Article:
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Effluent spillage rules the focus of NTC review

Expansion of COR to include livestock preparation seen as an option


In what is a busy time for the National Transport Commission (NTC), the policy body is reviewing the treatment of effluent loss in livestock transport as a ‘load restraint’ breach under the Heavy Vehicle National Law (HVNL) and state road laws.

The move comes in response to a request from Queensland Parliament’s Transport and Utilities Committee for review due to lack of clarity about the application of HVNL chain of responsibility (COR) duties to effluent control and minor, incidental and reasonably unavoidable effluent spills being subject to compliance action.

The NTC notes that livestock transport is unlike the movements of other types of cargo as animals will release bodily fluids and they cannot be fully contained like liquids due to animal welfare standards.

“The loss of animal effluent was not included in the 2004 version of the Load Restraint Guide, and was not intended to be a load type that could be restrained,” the NTC points out.

“However, the performance standards are being strictly interpreted and applied to include small or minor spills that pose no safety or environmental issue, as evidence of a load restraint breach, resulting in fines and court notices under the HVNL and state road laws.”

It mentions the Australian Livestock and Rural Transporters Association’s (ALRTA’s) submission to the committee regarding the complexities of duty, ownership and responsibility in the livestock production chain.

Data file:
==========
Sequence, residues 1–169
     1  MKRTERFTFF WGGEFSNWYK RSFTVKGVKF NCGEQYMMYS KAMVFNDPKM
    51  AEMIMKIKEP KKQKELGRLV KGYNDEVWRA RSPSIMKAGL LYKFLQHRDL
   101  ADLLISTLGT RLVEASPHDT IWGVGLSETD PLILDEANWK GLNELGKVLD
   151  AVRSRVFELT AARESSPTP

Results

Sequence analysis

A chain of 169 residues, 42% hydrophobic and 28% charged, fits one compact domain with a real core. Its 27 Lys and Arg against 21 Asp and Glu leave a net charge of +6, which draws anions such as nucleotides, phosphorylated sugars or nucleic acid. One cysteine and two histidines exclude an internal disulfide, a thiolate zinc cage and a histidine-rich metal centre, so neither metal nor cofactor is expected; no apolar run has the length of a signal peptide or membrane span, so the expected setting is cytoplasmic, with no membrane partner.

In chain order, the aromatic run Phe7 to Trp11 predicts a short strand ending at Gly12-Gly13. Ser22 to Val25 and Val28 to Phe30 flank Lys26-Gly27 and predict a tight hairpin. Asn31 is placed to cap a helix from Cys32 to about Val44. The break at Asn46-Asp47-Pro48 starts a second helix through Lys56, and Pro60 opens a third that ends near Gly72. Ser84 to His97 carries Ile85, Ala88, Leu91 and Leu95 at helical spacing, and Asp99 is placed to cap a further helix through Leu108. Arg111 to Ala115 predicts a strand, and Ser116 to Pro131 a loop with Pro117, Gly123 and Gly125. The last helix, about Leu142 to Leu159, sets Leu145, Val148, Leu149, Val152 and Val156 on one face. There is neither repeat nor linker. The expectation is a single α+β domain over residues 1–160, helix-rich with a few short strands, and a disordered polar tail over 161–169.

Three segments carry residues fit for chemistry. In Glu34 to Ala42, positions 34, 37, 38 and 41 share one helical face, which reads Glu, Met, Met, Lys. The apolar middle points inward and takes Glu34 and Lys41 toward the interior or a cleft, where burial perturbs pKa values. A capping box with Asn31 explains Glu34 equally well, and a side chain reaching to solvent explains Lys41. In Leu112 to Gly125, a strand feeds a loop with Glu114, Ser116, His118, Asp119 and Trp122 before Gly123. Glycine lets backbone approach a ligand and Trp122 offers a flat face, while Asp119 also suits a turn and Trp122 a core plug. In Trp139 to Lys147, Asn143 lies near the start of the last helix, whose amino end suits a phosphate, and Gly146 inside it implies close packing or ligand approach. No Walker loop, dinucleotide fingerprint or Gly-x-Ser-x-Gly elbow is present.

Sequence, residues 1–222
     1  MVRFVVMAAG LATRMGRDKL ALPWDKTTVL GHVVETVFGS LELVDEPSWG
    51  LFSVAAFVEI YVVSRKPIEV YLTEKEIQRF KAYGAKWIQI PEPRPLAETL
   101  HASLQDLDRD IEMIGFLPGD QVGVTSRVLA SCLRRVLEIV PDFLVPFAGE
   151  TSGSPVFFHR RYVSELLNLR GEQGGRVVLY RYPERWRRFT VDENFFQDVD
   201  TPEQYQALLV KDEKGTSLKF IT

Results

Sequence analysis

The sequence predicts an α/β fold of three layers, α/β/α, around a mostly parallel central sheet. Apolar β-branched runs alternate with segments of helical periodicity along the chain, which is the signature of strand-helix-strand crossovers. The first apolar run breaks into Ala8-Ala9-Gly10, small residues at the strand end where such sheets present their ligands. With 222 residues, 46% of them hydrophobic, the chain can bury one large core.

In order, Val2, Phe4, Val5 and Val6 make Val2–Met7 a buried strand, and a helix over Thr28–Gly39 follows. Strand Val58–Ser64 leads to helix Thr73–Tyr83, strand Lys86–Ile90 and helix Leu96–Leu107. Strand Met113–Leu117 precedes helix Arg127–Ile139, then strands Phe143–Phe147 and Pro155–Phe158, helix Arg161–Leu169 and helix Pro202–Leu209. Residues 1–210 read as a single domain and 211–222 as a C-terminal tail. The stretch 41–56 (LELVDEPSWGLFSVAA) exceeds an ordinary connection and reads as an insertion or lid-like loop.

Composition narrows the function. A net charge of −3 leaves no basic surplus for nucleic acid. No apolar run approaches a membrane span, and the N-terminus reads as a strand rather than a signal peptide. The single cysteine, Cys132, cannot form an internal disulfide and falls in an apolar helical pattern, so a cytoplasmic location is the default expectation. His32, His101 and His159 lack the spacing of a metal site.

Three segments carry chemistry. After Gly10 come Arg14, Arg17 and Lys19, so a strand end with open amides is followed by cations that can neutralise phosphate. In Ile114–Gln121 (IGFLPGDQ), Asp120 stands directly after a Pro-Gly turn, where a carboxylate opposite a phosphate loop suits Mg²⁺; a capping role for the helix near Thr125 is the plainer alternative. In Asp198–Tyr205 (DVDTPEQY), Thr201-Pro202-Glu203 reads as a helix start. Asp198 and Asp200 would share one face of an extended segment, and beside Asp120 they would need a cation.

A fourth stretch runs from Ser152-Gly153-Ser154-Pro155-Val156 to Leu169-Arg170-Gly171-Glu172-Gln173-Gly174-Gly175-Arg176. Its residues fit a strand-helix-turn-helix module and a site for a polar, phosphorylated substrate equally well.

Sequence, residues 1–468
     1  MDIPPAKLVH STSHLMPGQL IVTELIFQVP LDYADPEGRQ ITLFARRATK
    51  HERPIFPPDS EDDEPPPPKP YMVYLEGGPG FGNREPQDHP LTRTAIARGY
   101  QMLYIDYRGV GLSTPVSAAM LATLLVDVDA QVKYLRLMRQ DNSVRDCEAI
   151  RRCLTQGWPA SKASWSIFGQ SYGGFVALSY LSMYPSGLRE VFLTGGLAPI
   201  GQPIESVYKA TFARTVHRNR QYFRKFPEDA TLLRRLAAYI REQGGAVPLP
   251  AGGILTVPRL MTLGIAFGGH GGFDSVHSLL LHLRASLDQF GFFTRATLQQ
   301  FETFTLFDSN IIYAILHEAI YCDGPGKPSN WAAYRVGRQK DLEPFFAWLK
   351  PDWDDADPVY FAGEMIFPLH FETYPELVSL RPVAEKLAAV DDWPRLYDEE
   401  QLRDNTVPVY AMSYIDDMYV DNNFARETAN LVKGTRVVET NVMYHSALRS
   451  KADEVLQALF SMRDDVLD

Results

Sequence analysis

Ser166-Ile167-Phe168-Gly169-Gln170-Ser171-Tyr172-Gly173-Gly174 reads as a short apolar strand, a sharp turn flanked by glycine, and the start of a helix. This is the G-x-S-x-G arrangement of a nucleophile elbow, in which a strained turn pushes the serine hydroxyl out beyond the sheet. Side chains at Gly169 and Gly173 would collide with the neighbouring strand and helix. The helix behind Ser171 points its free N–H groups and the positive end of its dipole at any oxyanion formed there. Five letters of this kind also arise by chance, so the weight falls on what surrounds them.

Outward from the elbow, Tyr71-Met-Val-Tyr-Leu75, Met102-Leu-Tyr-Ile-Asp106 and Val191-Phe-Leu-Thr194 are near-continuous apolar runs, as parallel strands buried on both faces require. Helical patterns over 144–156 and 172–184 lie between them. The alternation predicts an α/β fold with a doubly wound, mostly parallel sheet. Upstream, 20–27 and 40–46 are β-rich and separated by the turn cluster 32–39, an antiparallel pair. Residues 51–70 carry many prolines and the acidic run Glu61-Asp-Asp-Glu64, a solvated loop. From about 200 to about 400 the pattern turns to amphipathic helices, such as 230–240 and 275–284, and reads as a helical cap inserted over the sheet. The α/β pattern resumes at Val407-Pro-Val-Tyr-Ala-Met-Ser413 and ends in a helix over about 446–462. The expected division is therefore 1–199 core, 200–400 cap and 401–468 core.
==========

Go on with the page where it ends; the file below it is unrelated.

ALRTA sees the primary cause effluent loss as overfeeding of livestock before boarding, a view supported by Meat and Livestock Association research, but in the NTC’s view, COR “does not clearly apply to supply chain parties such as those who prepare livestock for transport”.

“Because of the interaction between chain of responsibility laws and the HVNL’s section 111, the driver of the heavy vehicle is still likely to be held solely responsible for a breach consisting of effluent loss despite having limited control over effluent generation,” the NTC states.

While this would be a step in the right direction, it is unlikely to help with minor, incidental or unavoidable spills, as “strict application of section 115 of the HVNL means any load spillage or leakage, including small amount that pose no safety and environmental issues, is evidence of a load restraint breach”.

Again, truck drivers are in the frame unfairly.

“Strict application of the load restraint performance standards also has unintended consequences for other load types (dust, minor water spillage, leaves etc.), where heavy vehicle operators are charged with an offence under section 111 for circumstances not envisioned nor intended to be captured by the offence – particularly where safety is not compromised,” the NTC states.

“The NTC has been unable to locate any evidence that a minor, incidental or unavoidable loss of effluent has affected safety or public amenity.”

  • It presents three options:
  • the HVNL COR rules for effluent management be broadened to include a person who prepares live animals for transport
  • section 111 be amended to provide that if a driver commits the offence, the other parties in the chain of responsibility are also taken to have committed the offence, subject to a so far as is reasonably practicable test. A weakness identified with the second option is that it “would not provide clarity regarding chain of responsibility duties for parties preparing livestock in relation to other heavy vehicle offences outside a breach of the load restraint requirements (i.e. state road laws and environmental laws are outside the mandate of this amendment)”.
  • the HVNL be amended so that the minor, incidental and unavoidable escape, release or discharge not constitute an offence under section 111.

The full paper can be found here and and information on making submissions can be found here.


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